Samsung Foundry roadmap: 2nm chips in 2025, 1.4nm process node by 2027

Samsung Foundry roadmap: 2nm chips in 2025, 1.4nm process node by 2027
Moore's Law, the observation made by Intel co-founder and former CEO Gordon Moore that calls for the number of transistors in a chip to double every year (later revised to every other year) is barely alive. But that is no surprise since, at the current 3nm process node, we are talking about stuffing billions and billions of transistors inside each chip. Doubling the number of transistors, at this stage, is a very hard feat to accomplish.

Samsung Foundry releases its roadmap revealing the production of 1.4nm chips in 2027

As we've said before, the lower the process node, the higher a chip's transistor count since the transistor sizes are smaller. And the higher the transistor count, the more powerful and energy-efficient a chip is. Samsung plans on mass producing 3nm this year and will begin the production of 2nm chips in 2025. The road map announced today by Samsung continues with the use of the 1.4nm process node in 2027.

Samsung Foundry is considered the second largest foundry in the world after TSMC. The latter counts Apple, MediaTek, AMD, Qualcomm, and other big tech names as its customers. Samsung's global market share of 17.3% is second only to the 52.9% of the market owned by TSMC, according to data from TrendForce. Samsung is hoping to close the gap between it and TSMC.

TSMC also plans to ship 3nm chips this year with Apple's A16 Bionic, used to power the iPhone 14 Pro models, manufactured using TSMC's 4nm process node (which is actually an enhanced 5nm node). It is scheduled to start 2nm production in 2025 and has yet to announce anything beyond 2nm.

SK Kim, an analyst at Daiwa Capital Markets, told CNBC that "This is the first time that SEC (Samsung Electronics) guides for its long-term foundry roadmap and I think it is more aggressive than TSMC and market expectations." Part of Samsung's plan to top TSMC calls for it to triple the production capacity for its most advanced chips between now and 2027.

Samsung is also looking to increase its U.S. chip production. It currently has a facility in Austin, Texas, and is building a $17 billion plant in Taylor, Texas. Both the Trump and Biden administrations have been looking to get foundries like TSMC and Samsung to increase production on American soil so that it could reduce its reliance on fabs located in Taiwan and South Korea. TSMC especially has been under the radar with fears that China might invade Taiwan seeking to take over the island possibly for the express purpose of owning TSMC.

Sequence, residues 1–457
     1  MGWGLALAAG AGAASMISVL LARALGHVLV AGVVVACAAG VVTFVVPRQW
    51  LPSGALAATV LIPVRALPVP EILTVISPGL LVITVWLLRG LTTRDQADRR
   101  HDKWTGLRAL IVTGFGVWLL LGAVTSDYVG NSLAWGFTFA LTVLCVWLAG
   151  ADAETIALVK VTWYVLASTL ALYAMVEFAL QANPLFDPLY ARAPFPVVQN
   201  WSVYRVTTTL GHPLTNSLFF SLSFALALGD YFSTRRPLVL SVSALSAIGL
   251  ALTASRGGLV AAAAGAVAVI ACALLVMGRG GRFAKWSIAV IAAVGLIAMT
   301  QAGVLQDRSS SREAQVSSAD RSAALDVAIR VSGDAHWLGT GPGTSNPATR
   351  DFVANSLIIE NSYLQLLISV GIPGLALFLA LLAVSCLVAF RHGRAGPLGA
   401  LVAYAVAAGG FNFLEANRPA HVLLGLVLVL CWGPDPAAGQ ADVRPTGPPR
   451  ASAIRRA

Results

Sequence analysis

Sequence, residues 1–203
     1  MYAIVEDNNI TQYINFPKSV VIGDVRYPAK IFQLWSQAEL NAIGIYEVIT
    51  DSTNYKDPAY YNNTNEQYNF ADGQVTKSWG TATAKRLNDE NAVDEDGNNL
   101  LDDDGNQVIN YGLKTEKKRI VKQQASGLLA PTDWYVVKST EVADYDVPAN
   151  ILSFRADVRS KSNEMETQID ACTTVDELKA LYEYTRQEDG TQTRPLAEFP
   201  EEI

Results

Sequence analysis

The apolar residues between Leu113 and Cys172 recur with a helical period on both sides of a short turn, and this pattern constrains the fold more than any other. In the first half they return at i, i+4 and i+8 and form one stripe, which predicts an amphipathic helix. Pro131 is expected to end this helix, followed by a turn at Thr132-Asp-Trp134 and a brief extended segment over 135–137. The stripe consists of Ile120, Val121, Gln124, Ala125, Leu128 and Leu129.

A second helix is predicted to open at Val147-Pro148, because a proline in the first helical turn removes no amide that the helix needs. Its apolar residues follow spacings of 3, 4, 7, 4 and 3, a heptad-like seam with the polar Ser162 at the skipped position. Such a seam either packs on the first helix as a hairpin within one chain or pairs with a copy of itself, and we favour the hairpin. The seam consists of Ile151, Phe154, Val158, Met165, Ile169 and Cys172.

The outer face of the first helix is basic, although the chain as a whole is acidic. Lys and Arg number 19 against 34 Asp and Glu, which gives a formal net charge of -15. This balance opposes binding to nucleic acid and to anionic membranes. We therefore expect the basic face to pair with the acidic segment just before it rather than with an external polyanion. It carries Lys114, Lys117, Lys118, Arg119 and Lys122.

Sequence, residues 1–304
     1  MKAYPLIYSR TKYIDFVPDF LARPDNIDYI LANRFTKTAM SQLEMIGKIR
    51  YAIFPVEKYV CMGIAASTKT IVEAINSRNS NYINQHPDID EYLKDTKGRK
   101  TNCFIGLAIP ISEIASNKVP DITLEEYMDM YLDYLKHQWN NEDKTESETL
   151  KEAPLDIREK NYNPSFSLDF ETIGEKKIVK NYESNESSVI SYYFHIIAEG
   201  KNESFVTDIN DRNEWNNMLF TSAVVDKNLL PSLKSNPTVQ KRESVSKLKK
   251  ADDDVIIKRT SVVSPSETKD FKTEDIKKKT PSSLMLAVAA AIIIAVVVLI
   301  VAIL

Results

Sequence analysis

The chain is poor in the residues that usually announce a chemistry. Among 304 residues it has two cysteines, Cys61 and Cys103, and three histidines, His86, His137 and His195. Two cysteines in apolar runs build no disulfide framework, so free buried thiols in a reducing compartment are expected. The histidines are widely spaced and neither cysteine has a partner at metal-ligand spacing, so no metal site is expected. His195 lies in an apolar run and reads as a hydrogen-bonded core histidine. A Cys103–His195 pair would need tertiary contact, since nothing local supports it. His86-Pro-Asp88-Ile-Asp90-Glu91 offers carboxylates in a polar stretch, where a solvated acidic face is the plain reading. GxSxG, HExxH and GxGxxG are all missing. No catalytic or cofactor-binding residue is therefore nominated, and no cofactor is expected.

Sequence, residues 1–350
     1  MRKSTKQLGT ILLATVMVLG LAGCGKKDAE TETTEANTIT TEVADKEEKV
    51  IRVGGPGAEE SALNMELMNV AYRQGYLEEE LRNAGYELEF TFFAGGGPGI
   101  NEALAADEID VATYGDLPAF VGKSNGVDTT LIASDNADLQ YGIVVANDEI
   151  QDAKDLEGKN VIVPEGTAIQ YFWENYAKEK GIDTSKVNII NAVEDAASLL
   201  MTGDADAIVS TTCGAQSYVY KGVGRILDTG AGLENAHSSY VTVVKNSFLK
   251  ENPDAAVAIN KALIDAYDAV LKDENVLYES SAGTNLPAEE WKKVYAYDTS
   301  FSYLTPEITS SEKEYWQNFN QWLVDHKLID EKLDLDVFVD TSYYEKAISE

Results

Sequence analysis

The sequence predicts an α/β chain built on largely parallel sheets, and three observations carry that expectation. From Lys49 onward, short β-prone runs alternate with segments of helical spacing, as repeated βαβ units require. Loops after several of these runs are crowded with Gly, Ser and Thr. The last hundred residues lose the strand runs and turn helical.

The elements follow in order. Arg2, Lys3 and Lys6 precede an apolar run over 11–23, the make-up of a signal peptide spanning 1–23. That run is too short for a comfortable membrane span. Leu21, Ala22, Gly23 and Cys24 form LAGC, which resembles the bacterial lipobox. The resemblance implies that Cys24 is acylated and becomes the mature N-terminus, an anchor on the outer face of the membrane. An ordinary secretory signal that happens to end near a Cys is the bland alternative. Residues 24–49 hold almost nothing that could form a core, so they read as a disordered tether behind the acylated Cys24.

TSMC is in the process of building Fab 21 in Phoenix, Arizona with production expected to begin early in 2024. The factory will start with a capacity of 20,000 wafer starts per month using TSMC's N5 (5nm) process node.

Samsung seeks to triple the production of its most advanced chips by 2027

Samsung says that while it plans to triple the production capacity of its most advanced chips by 2027, it adds that its semiconductors for high-performance 5G, computing, and automotive uses will be responsible for more than 50% of the foundry's revenue by 2027. Chips used for many of these purposes are usually older, less advanced chips built on legacy process nodes.
The last few years have seen the chip industry beset by shortages due to the pandemic and surprising demand for chips from automotive manufacturers. Even a company as big as Apple, which wields a large influence over production schedules at TSMC, reportedly lost $6 billion in revenue last year due to the chip shortage. For its 2021 fiscal year, Apple took in $365.82 billion in revenue.

The aggressive roadmap announced by Samsung comes as demand for semiconductors has been dropping off. According to stats released by the U.S.-based Semiconductor Industry Association, chip industry sales worldwide declined by 3.4% in August compared to July.

Dr. Si-young Choi, president and head of Foundry Business at Samsung Electronics, said today, "The technology development goal down to 1.4nm and foundry platforms specialized for each application, together with stable supply through consistent investment are all part of Samsung’s strategies to secure customers' trust and support their success. Realizing every customer’s innovations with our partners has been at the core of our foundry service."

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